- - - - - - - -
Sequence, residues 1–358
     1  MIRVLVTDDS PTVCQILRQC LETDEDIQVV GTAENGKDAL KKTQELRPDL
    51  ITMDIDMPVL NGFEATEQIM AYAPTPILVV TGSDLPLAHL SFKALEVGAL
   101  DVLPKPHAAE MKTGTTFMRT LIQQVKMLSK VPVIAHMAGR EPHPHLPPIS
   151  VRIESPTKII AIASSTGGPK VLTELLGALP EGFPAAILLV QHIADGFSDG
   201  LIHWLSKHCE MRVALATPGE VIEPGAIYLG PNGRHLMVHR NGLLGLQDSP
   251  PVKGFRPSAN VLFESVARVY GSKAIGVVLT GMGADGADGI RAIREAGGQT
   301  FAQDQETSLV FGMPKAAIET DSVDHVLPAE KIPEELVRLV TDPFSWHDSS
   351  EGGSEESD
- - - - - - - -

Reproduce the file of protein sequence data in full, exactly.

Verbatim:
Sequence, residues 1–358
     1  MIRVLVTDDS PTVCQILRQC LETDEDIQVV GTAENGKDAL KKTQELRPDL
    51  ITMDIDMPVL NGFEATEQIM AYAPTPILVV TGSDLPLAHL SFKALEVGAL
   101  DVLPKPHAAE MKTGTTFMRT LIQQVKMLSK VPVIAHMAGR EPHPHLPPIS
   151  VRIESPTKII AIASSTGGPK VLTELLGALP EGFPAAILLV QHIADGFSDG
   201  LIHWLSKHCE MRVALATPGE VIEPGAIYLG PNGRHLMVHR NGLLGLQDSP
   251  PVKGFRPSAN VLFESVARVY GSKAIGVVLT GMGADGADGI RAIREAGGQT
   301  FAQDQETSLV FGMPKAAIET DSVDHVLPAE KIPEELVRLV TDPFSWHDSS
   351  EGGSEESD